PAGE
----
Once a newcomer in Singapore's telecommunication industry, StarHub now wants to lead the market and be a "stronger challenger to the ex-incumbent", declares its CEO Neil Montefiore.
Launched when Singapore liberalized its telecom market in 2000, competing against incumbent SingTel, StarHub today offers various consumer services including mobile, cable TV and broadband, as well as a range of enterprise services such as data, voice and international wholesale.
Over the next four years, Montefiore hopes to see StarHub lead in the markets it plays in and provide content in a seamless way across all its platforms.
"In the corporate market, we want to be a much stronger challenger to the ex-incumbent and monopoly," he told ZDNet Asia. "We're now no. 2 in terms of enterprise market and with our new Vodafone partnership globally, we can move much strongly in the big multinational enterprise market on the mobile side as well."
Commenting on the takeup rate of the NBN, Montefiore said adoption in the residential market had slowed likely because the telco had been offering 100Mbps broadband access for several years now.
"So there's nothing particular different since, if consumers really wanted high speed, they would have had it some time ago," he said. "But it is beginning to pick up. There are now over 50,000 customers using fiber."
In the enterprise market, he revealed that adoption of NBN services "has been slower than we had hoped for". He explained that this was due to the fact that pulling fiber into physical offices had proven difficult in some cases. "Obviously people don't really want new cable running all over their building when they've already got cable in that area," he noted.
Fighting declining user revenue
Montefiore acknowledged that telcos worldwide are challenged by falling ARPU (average revenue per user) but noted that this downward trend rings true only for some segments. In Singapore, for example, while StarHub has seen some ARPU reduction in the broadband space--despite offering higher speeds--due to increased competition on price, the telco continues to stable growth in the mobile space, he explained.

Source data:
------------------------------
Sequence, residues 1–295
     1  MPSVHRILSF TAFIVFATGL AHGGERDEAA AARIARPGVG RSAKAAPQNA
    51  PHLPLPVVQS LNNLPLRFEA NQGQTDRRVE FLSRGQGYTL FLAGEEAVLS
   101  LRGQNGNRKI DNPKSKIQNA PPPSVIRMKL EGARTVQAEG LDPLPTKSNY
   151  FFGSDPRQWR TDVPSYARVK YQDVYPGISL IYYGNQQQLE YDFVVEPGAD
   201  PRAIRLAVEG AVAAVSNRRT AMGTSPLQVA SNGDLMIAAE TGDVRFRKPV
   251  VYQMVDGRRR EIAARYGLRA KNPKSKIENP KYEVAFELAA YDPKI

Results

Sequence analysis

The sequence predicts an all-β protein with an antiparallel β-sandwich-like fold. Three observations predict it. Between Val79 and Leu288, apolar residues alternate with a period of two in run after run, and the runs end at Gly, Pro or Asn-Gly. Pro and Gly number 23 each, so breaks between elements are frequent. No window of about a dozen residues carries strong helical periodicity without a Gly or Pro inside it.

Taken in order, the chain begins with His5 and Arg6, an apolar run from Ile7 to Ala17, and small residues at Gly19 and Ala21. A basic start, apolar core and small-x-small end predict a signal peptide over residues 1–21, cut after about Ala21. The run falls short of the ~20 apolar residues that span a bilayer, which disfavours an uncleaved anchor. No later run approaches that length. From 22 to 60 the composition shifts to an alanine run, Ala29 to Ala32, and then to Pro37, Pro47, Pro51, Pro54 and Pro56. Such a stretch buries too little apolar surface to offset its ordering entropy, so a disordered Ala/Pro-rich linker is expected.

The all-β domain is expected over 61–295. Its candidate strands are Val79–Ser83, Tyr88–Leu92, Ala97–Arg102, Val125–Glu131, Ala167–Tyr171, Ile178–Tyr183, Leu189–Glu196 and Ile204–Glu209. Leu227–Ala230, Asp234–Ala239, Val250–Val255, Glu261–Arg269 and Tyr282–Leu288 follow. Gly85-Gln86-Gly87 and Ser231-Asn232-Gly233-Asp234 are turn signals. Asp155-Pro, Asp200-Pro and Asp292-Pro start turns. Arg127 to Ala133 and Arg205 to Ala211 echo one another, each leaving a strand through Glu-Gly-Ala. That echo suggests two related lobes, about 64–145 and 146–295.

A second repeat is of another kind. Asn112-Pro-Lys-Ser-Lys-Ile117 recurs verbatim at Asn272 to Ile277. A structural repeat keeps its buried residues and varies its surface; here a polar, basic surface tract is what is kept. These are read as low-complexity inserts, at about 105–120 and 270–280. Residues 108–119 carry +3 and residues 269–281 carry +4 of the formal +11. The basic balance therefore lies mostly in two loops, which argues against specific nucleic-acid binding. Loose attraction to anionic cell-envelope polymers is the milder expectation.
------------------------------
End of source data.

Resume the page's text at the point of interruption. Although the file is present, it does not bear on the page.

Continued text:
To stave falling ARPU and generate new revenue stream, StarHub continuously looks at ways to monetize the content it owns especially since it leads the market here, operating more channels than its competitor, he said.
The company focuses on how it can make its content attractive to all members in a household and how it can deliver this content across all devices.
For example, this can be done by offering quality of service or tiered data pricing, he said, so consumers only need pay for what they want and not for large data bundles which they are not using.
He noted that StarHub has been putting in place analytics over the past two years to better understand how customers consume content, who they are communicating with and how they are communicating. Such insights and intelligence will allow the telco to target services that directly serve customers, he said.
Montefiore explained: "What we want to know is exactly what people are doing with the network, applications and services we provide. We're going to obtain that by putting platforms in place across all our areas of communication with the customers--broadband, pay TV and mobile--and consolidate that information, so we can get a clear view of an individual in a household, what they really want to consume and how they want to consume it. That way, we can sell our service more accurately and advertise to customers more in line with what they want rather than just generalize advertisement.
"We already have the intelligence there. We cut over to a new billing system just over a year ago which actually puts the three systems together into one platform. So it's now just about taking that intelligence, and using processes and devices to analyze that intelligence in a way that our marketing people can actively convert it into services that we offer."